On Public Speaking

Heart pounding.

Hands are shaking.

Sweat rolling down my back.

I can do this.

It is not like the topic is foreign to me.

I am preparing to speak for approximately 20 minutes to a Human Services Committee in our State Capitol.

The lady next to me, someone I know, has offered to help me hand out speaking notes to the legislators.  I have prepared myself as much as I can, my display is hidden and ready.

I walk to the podium.

Seems surreal.  As I grasp the sides of the lectern to prevent an obvious display of my nerves, I began to speak.  Rather than opening with my notes, I open with a heartfelt thank you.  A thank you to the Family Voices organization in my state, a thank you to our Care Coordinator, a thank you to the facility, so many people and agencies to acknowledge.  I hope I don’t leave any out.

I begin with my notes.  An introduction as to whom I am.  a parent.  an advocate. someone who cares and has a vested interest in the process.  I wonder fleetingly if this is exploitation of my son, my speaking here today. I hope not. If it is, it is.

I start with a brief history about David’s adoption.  His first year.  the first 2 years, birthdays.  The first five years.  the last five years until now.

I spend the bulk of my 20 minutes talking about the last year and his discharge from the facility he was in until January 27th of 2015.  I talk about the threats against my life.  The calls to 911.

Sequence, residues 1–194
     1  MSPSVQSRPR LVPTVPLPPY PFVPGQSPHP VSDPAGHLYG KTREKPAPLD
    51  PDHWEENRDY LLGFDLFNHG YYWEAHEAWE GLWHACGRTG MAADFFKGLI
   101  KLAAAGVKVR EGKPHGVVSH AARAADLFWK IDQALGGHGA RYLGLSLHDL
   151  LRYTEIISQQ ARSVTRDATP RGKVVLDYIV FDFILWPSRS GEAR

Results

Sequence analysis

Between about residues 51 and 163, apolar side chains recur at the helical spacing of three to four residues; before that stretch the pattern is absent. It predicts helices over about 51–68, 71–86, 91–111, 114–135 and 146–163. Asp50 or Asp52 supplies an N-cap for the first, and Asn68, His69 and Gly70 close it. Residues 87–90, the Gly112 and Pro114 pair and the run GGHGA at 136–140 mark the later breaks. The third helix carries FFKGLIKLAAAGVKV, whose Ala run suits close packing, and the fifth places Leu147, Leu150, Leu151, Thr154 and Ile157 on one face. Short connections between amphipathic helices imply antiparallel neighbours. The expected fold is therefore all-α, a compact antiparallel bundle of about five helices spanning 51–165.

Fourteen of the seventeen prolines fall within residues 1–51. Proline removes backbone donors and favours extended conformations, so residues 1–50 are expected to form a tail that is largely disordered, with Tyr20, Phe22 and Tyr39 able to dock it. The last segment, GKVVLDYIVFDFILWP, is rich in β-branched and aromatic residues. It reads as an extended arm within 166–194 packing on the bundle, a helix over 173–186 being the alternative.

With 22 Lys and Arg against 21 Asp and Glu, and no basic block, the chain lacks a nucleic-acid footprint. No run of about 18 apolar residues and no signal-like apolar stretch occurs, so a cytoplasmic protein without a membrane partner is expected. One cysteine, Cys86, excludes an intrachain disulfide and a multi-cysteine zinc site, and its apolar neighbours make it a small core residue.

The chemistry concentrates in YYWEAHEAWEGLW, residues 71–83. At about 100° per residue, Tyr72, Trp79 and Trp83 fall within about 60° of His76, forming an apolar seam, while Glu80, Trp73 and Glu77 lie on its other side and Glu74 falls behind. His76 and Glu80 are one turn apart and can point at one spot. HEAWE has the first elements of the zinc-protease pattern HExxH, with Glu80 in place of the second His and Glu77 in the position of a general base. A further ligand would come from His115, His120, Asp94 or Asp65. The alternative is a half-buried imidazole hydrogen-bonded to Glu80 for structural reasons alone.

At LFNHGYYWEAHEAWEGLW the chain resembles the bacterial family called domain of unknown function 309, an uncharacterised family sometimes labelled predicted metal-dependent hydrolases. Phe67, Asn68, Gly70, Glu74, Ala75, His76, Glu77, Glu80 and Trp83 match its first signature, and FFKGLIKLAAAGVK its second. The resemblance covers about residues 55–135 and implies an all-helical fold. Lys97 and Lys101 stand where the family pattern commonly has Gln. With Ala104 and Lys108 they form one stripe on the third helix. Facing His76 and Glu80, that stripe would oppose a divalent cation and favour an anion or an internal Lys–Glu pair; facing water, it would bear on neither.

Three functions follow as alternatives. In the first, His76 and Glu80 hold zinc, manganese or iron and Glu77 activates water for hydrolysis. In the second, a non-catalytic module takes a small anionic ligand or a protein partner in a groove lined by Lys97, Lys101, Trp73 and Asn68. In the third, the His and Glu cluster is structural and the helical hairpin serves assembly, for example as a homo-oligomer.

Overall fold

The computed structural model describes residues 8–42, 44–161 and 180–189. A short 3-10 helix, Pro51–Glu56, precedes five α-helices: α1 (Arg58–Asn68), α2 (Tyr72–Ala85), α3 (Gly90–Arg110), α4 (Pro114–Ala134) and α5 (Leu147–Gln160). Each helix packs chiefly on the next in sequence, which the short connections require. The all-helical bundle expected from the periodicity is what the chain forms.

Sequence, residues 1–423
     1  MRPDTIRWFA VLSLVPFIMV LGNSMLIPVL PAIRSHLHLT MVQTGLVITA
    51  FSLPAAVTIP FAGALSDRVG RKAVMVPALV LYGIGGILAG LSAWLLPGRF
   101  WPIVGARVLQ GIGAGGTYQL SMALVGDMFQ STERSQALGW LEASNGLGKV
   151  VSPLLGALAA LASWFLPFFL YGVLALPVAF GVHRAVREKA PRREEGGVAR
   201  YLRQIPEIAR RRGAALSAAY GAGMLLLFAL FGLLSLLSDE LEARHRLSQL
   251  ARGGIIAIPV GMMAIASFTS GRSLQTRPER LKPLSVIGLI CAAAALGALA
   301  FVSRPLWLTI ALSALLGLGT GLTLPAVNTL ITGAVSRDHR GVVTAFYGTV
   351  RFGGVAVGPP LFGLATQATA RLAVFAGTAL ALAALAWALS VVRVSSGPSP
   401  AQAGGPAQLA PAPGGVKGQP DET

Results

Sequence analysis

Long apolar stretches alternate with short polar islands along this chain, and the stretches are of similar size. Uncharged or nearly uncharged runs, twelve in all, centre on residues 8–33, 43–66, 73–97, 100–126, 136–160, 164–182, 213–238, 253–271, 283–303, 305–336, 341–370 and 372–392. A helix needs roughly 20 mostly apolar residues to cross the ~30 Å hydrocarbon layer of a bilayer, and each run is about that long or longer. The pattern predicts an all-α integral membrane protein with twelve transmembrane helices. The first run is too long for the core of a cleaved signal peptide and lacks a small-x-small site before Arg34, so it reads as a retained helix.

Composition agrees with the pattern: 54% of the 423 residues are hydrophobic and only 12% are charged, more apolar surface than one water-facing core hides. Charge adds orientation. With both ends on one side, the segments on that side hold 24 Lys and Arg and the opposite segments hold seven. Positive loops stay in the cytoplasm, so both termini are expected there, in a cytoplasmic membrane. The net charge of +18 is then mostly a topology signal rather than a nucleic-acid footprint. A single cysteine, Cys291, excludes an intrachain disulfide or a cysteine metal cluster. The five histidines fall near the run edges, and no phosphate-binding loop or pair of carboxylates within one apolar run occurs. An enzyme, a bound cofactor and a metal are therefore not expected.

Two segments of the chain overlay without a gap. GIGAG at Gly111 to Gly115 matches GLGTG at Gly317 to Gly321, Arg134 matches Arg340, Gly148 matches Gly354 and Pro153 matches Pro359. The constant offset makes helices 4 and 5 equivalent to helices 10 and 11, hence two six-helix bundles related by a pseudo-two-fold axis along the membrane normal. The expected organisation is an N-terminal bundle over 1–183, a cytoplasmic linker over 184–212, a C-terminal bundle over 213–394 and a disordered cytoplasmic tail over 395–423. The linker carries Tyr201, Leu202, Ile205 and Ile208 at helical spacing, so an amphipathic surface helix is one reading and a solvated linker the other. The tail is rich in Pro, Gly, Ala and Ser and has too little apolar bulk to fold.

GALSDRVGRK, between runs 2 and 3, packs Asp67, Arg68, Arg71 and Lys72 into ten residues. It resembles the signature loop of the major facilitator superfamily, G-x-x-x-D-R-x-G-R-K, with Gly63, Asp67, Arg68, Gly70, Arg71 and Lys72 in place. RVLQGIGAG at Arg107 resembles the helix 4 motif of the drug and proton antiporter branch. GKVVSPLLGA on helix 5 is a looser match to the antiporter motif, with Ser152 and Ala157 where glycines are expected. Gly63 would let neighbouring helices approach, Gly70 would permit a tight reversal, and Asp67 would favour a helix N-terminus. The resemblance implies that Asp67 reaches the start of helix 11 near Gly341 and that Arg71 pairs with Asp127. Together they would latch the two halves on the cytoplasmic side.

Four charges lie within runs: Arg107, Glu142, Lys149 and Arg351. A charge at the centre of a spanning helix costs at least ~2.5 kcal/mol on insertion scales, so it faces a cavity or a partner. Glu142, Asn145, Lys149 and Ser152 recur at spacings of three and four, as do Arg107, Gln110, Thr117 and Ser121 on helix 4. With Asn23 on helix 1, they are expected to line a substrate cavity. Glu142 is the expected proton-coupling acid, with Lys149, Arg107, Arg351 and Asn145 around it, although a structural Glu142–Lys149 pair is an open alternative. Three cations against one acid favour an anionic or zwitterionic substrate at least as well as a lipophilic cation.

I hear a sniffle.  Almost a cry.

I wonder, am I being heard?

I try to keep my eyes on my notes, I know I should look up, but if I do, I will lose focus and break down.  This is a life we are talking about.

Not mine.


I speak about the stress.  I talk about the thought of giving up custody. I talk about what I would like to see if I were king.

Before I close.  I look up.  I note the time.  just under 20 minutes.  Perfect.

I explain my number one fear for my son.

“My number one fear is that I will answer a knock on my door, to see law enforcement and have them tell me that my son was shot during an officer involved shooting.”

I ask a question of the committee.  “Do you want to see what mental illness looks like?”

As I see them nod, I reach down and pull out my display.

a 12 x 20 poster print of my son.  Glued to a larger poster board.  It is obvious that they are affected.  I know, briefly that I have reached these people.

I pass the poster to my helper.  I thank her.  She turns and shows the image to the audience.

You can feel the emotion in the room.

A little bit, I let down my guard.  Nearly done.  I ask if there are questions of the committee. and answer them as they come.

I turn to my seat.  You can see the emotion that people are feeling.  Very few dry eyes.

I think to myself “next time, bring a supply of tissues…”

I know that I will give this talk again.

I wish that it wasn’t necessary.

Will it impact my son?

I don’t know.  I pray that it does.

Might it impact others?

I don’t know.  I pray that it does.

As the meeting ended, I was asked to present to another group.

I am all about raising awareness so agree, scheduling contingent of course.  They will reach out to me in the coming weeks.



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